Today, the digital revolution has come to a stage where businesses without an online presence could get obliterated in no time. However, an inevitable consequence of cyber risk is that if your online data and communication are not secure, you better be prepared for a disaster. It underscores the importance of cybersecurity that every small business looking at how to sell online, you need to choose a site that allows your business to grow while not making your customers vulnerable to cyber hacking attempts. This can be done either through web builder platforms such as Wix that manage your site’s security from A-Z, or you could design your site from scratch via coding or open-source platforms like WordPress and attach security plug-ins.
However, no matter which way you choose to create your site and begin to sell online, it should imbibe and implement that the confidentiality, integrity, and security levels of your potential customers’ valuable information assets are always intact.
If you feel that you run a small business and malicious actors would ignore it, you should know that that’s not the case. Threat actors target businesses of all sizes. So, it is your responsibility to secure your new business from a cyberattack. But how do you prevent hacking? How do you make your business website more secure? The below discussion enumerates the cybersecurity basics for small businesses that could define and decide their existence in the online business world.
Top 5 Cybersecurity Essentials For Small Businesses
Below are the fundamental principles any new business must follow to improve its cybersecurity posture. These principles encompass every aspect of your digital security from various types of cyberattacks, such as network, on-premises and remote access to data, email security, secure third-party access, etc.
1. Choose your Website’s Hosting Platform
The first step in terms of understanding cybersecurity is to decipher where you are going to host your site. There are a variety of web building platforms that provide you with all in one services such as templates, hosting, domain names, etc. In terms of website security, web building platforms such as Wix assist businesses that use their platform in order to build their site with an all inclusive security protection program that abides by the NIST security standards.
However, if you choose to host your website on open source platforms such as WordPress, you can independently add plug-ins for additional cyber security protection such as Sucuri and WPScan.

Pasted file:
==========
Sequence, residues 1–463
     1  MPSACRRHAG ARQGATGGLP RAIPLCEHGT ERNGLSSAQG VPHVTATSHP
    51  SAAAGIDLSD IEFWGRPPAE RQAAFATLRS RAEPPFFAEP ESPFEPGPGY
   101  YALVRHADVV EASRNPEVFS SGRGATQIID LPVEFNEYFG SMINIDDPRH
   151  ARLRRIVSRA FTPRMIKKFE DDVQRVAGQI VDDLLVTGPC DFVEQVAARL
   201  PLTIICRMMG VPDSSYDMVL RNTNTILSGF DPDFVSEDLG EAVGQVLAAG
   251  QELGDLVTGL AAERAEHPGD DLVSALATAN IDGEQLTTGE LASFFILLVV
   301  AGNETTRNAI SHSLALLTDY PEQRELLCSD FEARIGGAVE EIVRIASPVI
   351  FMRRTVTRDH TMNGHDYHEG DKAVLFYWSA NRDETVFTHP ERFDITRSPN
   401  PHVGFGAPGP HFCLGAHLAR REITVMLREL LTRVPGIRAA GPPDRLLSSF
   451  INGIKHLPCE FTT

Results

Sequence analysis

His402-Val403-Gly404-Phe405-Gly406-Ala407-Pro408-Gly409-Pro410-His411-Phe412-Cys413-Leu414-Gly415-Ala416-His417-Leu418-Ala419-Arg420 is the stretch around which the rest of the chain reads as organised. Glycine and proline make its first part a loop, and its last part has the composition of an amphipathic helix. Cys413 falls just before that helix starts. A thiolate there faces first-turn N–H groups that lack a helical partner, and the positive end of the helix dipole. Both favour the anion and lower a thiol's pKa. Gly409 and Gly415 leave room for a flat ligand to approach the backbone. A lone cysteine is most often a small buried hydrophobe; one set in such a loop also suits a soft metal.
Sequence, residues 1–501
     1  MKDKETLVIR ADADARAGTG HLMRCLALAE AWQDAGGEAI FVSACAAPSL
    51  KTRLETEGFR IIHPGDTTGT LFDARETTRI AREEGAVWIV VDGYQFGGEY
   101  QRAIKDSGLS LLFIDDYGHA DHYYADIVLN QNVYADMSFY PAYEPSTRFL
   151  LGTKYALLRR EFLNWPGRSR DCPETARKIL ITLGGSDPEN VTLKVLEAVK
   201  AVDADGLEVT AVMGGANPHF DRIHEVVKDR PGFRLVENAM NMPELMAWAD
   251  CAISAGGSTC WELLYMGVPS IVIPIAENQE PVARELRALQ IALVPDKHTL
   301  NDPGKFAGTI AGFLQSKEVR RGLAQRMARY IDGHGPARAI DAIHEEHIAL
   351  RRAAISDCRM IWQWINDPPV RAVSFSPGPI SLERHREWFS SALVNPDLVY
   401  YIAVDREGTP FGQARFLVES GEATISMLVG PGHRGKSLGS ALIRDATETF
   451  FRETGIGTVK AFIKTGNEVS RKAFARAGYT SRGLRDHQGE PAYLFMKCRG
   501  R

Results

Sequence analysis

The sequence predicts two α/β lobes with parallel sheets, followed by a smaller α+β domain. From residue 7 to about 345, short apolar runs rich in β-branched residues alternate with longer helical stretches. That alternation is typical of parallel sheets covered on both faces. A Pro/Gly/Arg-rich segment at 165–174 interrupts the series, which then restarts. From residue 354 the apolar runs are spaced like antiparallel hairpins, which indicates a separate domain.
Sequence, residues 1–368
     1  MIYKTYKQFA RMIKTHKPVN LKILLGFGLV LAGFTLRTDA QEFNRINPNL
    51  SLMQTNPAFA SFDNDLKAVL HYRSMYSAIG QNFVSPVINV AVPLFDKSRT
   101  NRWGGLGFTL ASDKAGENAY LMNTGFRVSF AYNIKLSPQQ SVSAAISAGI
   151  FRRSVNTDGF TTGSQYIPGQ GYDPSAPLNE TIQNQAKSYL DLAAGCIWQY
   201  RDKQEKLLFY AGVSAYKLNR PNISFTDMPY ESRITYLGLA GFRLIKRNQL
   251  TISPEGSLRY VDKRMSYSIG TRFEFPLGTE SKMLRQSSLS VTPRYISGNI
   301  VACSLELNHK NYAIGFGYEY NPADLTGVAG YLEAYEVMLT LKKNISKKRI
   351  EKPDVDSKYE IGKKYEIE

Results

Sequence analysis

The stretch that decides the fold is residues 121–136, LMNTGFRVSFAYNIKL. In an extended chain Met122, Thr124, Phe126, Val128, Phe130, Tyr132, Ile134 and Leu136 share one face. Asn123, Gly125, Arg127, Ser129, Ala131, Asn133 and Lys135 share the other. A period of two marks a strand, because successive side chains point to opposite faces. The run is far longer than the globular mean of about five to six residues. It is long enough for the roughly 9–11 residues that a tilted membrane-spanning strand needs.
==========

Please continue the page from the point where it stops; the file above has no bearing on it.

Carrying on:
2. Protect Your Files, Servers, and Devices
Protecting your files, servers, and devices can prevent malicious actors from accessing and exploiting them. The following best practices will help you safeguard your enterprise data stored on your files and devices in order to prevent hacking attempts and make your website more secure:
- Update your software, including operating systems, web browsers, business apps, etc., whenever such updates become available. You can set your system to update them automatically.
- Secure your crucial files offline on an external hard drive. It will help more if there is provision for backup of all files daily at a geographically different location.
- Set strong passwords for accessing all portable devices like laptops, tablets, and smartphones, and do not leave them unattended in public places.
- Use MFA (Multi-factor authentication) to access systems and devices in your network.
- Encrypt devices and other media containing sensitive information.
3. Protect Your Wireless Network
While protecting your operational devices is crucial, securing your wireless network is essential for website security. The following steps can help achieve this:
- Secure the Wi-Fi router by changing the default name/password that comes with the devices. Also, turn off remote management and log out as admin on setting it up.
- Use WPA2 or WPA3 encryption to prevent third parties from accessing the information in transit.
- Introduce a robust password management culture and keep changing them regularly. Do not share passwords over email or phone conversations. Limit unsuccessful login attempts as a preventive measure.
- Train and educate your employees and acquaint them with system security procedures to overcome vulnerabilities and risks.